In the father, extreme fatigue developed early. This was distinctly noticeable and was more than a tired feeling. There was a pain in the neck. Slight edema of one hand developed and the hand felt hot and hurt a great deal. Some numbness developed later. The impression that the pain was caused by shaking hands when greeting people obviously proved false because the numbness and pain continued even when shaking hands was avoided. Later, an ulceration developed on the father's left leg, with which he operates the foot pedal located below the amalgamator.
The onset of symptoms occurred over a twomonth period in the son. A depressing fatigue developed, followed by a sudden numbness in the toes and feet, with diminishing reflexes in the feet, knees, and legs. A strong metallic taste developed. A few days later, the son noticed tremors in the head and felt sensations similar to electric shocks in his neck when his head was bent forward.
The basic symptoms (numbness, pain in the limbs and neck, a heavy depressing fatigue, diminished reflexes, metallic taste, and tremors) were similar for both dentists.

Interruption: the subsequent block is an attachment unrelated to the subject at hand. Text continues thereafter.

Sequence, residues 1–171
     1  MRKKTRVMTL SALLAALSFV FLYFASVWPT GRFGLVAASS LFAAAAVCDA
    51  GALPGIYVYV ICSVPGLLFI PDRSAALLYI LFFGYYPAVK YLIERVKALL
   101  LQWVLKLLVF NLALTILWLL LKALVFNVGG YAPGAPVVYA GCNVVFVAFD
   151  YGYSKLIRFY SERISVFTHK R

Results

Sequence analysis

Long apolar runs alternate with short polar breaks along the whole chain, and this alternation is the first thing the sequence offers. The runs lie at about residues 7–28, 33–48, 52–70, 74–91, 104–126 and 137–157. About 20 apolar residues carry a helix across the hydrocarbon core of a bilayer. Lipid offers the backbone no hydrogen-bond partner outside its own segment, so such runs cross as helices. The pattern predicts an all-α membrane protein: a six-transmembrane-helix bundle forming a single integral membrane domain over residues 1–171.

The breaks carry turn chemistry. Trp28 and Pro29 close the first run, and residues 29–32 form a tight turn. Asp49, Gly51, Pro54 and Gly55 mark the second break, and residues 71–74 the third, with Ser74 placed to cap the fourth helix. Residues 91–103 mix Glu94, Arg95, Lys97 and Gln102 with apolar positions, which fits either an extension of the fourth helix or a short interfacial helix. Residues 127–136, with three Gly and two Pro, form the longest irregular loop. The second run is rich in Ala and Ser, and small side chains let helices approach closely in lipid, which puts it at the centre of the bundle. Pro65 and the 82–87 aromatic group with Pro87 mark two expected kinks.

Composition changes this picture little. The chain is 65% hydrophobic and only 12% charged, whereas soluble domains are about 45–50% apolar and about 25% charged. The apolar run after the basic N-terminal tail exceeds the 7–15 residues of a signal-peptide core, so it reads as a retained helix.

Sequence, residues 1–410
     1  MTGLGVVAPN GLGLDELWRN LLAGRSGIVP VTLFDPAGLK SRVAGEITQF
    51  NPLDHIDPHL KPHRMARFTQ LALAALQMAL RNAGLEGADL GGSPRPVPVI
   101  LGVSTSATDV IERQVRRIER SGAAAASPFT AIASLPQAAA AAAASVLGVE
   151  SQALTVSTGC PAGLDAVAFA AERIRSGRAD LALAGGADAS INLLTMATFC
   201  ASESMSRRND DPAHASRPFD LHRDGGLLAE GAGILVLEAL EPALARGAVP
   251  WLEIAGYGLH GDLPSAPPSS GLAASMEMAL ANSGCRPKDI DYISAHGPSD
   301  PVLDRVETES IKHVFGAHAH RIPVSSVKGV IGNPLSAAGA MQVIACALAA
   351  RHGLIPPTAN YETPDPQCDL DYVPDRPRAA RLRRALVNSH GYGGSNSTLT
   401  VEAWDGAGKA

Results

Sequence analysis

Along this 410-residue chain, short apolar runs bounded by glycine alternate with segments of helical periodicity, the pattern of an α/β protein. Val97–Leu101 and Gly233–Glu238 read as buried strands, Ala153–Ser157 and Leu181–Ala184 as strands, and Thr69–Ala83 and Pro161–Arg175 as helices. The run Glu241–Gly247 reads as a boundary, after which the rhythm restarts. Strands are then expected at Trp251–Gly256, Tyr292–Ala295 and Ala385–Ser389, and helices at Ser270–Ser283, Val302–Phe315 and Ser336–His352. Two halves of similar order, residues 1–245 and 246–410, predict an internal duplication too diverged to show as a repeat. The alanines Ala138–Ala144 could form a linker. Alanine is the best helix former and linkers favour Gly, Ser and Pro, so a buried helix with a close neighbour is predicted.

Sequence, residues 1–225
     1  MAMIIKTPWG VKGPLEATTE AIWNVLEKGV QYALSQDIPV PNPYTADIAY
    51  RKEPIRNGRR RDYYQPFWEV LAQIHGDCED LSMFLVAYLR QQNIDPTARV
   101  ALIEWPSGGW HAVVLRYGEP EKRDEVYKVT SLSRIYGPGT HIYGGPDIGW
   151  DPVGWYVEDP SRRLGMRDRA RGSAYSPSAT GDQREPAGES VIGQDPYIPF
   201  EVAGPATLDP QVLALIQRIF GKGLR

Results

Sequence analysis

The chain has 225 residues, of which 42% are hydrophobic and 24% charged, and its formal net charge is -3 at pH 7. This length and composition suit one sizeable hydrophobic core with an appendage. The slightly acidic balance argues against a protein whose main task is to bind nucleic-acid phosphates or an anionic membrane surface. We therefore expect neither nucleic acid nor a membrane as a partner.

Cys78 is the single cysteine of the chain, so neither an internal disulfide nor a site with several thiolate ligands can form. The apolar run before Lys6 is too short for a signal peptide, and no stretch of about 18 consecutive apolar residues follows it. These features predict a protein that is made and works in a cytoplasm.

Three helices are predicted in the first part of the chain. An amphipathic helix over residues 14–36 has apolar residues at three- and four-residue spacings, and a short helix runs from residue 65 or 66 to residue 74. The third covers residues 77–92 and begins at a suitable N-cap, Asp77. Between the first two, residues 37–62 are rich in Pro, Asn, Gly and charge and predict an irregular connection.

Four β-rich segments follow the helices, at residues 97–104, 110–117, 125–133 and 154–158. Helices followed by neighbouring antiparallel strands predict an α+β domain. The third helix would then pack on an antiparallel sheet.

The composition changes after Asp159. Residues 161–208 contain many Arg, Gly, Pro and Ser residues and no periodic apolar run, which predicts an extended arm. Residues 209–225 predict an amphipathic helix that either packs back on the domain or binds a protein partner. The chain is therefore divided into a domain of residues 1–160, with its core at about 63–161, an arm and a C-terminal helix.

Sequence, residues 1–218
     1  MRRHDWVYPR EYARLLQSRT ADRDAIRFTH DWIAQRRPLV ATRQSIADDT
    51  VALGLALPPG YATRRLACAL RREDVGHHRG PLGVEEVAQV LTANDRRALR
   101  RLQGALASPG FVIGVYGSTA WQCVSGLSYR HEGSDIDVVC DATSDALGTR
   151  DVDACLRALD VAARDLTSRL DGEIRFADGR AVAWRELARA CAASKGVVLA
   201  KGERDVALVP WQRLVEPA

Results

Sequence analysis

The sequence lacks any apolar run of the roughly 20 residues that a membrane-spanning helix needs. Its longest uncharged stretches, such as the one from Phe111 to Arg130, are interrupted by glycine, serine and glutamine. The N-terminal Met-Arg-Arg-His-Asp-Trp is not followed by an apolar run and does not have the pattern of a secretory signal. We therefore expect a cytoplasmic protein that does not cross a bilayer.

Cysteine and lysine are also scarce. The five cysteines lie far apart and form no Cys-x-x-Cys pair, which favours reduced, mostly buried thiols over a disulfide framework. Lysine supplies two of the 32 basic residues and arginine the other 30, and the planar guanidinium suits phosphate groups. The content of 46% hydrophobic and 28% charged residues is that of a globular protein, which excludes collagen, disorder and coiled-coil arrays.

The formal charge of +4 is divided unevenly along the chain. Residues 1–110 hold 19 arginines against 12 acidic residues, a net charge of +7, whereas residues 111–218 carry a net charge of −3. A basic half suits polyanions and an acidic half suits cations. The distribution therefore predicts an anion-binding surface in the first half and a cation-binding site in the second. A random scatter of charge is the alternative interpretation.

Some office conditions should be noted. Both dentists share the same ventilation and heating system that might disperse the mercury vapor to both offices. Tests were made for mercury vapor levels in ambient air and at floor levels. Initial ambient air levels ranged as high as 0.150 mg/m3 and levels of carpet readings were so high in some areas that they were unreadable. Urine tests were made for the entire office staff; again, initialhigh levels were obtained. With care and much work, these readings have decreased in more than a year to near normal limits.
Both dentists had used amalgamators that dropped excess mercury onto the counter top or into open containers or trays, thereby increasing contamination. From the counter tops, mercury spilled onto the carpet.